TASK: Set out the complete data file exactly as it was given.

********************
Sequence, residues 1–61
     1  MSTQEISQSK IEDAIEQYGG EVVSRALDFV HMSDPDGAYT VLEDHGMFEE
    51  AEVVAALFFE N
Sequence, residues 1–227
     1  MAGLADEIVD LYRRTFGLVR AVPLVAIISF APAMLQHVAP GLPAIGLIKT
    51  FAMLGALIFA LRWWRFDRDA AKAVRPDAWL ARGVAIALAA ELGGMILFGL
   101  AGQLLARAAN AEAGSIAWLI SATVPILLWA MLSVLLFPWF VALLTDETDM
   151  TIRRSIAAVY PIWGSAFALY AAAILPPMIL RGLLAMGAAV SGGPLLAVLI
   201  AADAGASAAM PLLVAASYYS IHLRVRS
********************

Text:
Sequence, residues 1–61
     1  MSTQEISQSK IEDAIEQYGG EVVSRALDFV HMSDPDGAYT VLEDHGMFEE
    51  AEVVAALFFE N
Sequence, residues 1–227
     1  MAGLADEIVD LYRRTFGLVR AVPLVAIISF APAMLQHVAP GLPAIGLIKT
    51  FAMLGALIFA LRWWRFDRDA AKAVRPDAWL ARGVAIALAA ELGGMILFGL
   101  AGQLLARAAN AEAGSIAWLI SATVPILLWA MLSVLLFPWF VALLTDETDM
   151  TIRRSIAAVY PIWGSAFALY AAAILPPMIL RGLLAMGAAV SGGPLLAVLI
   201  AADAGASAAM PLLVAASYYS IHLRVRS